Recently, while researching the issue of generative design, I came across a short presentation on bionics by Bionics designer and MIT Professor Dr. Hugh Herr. The 8-minute talk was part of a keynote for Autodesk University 2015 on topics related to augmented cognition, generative design, additive manufacturing, etc. The things that people are able to do now with advanced CAD and other digital tools is remarkable. But when Dr. Herr took the stage to show a genuine, real-world example of human-robot collaboration, I was blown away by what I saw. When his talk was finished, I thought this was just the kind of thing that should be featured on TED. Sure enough, Dr. Herr had already spoken on the subject at TED in 2014. Watch the talk below or on Youtube.
Inspiring words Dr. Herr's journey began in 1982 when both of his legs were amputateddue to tissue damage from frostbite he incurred during a mountain-climbing accident. Doctors thought he'd never climb again. Herr aimed to prove them wrong. "At that time, I didn't view my body as broken," he says. "I reasoned that a human being can never be 'broken.'Technology is broken.Technology is inadequate.This simple but powerful idea was a call to arms,to advance technology for the elimination of my own disability,and ultimately, the disability of others." Herr shared his own story to make a larger point:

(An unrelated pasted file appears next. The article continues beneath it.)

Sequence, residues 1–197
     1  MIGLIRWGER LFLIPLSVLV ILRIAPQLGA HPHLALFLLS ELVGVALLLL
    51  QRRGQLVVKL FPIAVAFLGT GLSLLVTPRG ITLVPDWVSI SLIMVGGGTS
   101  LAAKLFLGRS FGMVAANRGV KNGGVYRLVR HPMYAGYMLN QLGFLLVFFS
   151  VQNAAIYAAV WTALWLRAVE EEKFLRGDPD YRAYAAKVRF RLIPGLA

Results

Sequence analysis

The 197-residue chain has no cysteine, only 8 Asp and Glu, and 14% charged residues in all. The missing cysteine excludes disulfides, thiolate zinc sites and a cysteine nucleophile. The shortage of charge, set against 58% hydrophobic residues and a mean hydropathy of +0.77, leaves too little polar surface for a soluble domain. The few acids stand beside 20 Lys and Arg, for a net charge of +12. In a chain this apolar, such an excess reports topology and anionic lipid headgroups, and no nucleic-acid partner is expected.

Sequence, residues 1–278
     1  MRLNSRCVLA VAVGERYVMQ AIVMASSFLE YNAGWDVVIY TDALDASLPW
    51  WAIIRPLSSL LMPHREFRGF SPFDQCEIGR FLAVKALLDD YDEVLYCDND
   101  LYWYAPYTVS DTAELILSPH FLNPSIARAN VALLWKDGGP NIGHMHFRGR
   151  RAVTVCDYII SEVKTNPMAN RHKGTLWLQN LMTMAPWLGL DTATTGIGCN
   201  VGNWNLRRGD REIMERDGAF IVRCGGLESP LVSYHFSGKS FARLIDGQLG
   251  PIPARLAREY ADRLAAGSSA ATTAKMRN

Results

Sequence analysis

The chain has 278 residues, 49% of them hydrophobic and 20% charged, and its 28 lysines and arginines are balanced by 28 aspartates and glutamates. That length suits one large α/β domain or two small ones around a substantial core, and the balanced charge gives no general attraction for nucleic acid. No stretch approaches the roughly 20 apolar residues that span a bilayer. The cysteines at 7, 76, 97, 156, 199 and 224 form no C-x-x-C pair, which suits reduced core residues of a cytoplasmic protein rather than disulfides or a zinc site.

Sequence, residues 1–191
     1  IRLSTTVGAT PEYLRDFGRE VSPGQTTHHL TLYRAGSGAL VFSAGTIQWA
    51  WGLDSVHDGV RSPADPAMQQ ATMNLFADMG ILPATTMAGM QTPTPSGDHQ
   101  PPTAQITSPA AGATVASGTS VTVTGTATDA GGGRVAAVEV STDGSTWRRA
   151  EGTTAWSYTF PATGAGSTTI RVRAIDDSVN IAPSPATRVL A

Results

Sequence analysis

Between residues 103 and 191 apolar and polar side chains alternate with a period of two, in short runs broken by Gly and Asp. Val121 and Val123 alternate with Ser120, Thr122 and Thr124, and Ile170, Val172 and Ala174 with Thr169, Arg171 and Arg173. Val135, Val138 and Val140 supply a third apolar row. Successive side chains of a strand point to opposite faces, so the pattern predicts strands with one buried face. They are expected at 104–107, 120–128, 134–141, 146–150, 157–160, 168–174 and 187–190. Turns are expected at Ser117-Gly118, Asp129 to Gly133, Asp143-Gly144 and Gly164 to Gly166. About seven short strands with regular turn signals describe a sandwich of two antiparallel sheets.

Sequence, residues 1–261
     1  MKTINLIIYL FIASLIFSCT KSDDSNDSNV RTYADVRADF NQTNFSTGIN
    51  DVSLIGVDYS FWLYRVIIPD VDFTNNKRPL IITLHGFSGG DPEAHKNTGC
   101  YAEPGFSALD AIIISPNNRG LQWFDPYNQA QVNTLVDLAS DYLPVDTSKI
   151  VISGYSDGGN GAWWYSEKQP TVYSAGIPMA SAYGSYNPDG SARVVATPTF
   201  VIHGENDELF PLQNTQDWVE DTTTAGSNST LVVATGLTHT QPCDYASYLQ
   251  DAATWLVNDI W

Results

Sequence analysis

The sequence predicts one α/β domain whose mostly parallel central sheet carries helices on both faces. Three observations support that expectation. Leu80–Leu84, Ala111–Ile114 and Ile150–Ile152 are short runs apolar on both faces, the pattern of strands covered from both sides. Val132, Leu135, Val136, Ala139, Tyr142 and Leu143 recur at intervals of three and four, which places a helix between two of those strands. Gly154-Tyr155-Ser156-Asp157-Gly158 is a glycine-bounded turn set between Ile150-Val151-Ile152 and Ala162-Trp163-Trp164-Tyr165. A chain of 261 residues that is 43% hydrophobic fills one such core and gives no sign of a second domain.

"Every person should have the right to live life without disabilityif they so choose --the right to live life without severe depression;the right to see a loved one, in the case of seeing-impaired;or the right to walk or to dance,in the case of limb paralysis or limb amputation.As a society, we can achieve these human rights,if we accept the proposition that humans are not disabled.A person can never be broken.Our built environment, our technologies are broken and disabled.We the people need not accept our limitations,but can transcend disability through technological innovation.Indeed, through fundamental advances in bionics in this century,we will set the technological foundation for an enhanced human experience,and we will end disability."
This is such a great example of the power of the visual to amplify the narrative. If we think of story as the struggle to overcome an obstacle, we can see how this kind of application of technology really lends itself to storytelling. The technology behind the solution and all the information, facts, and data are obviously important. Correct information & data are crucial. But people remember most the stories they hear…and see. Therefore, we have an obligation to make certain those stories are authentic, honest, and true. Dr. Herr’s story has all of that. It’s not about being slick or perfect on stage, it’s much more important to be real and to show and tell your story from the heart while at the same time supporting the narrative with a logical framework.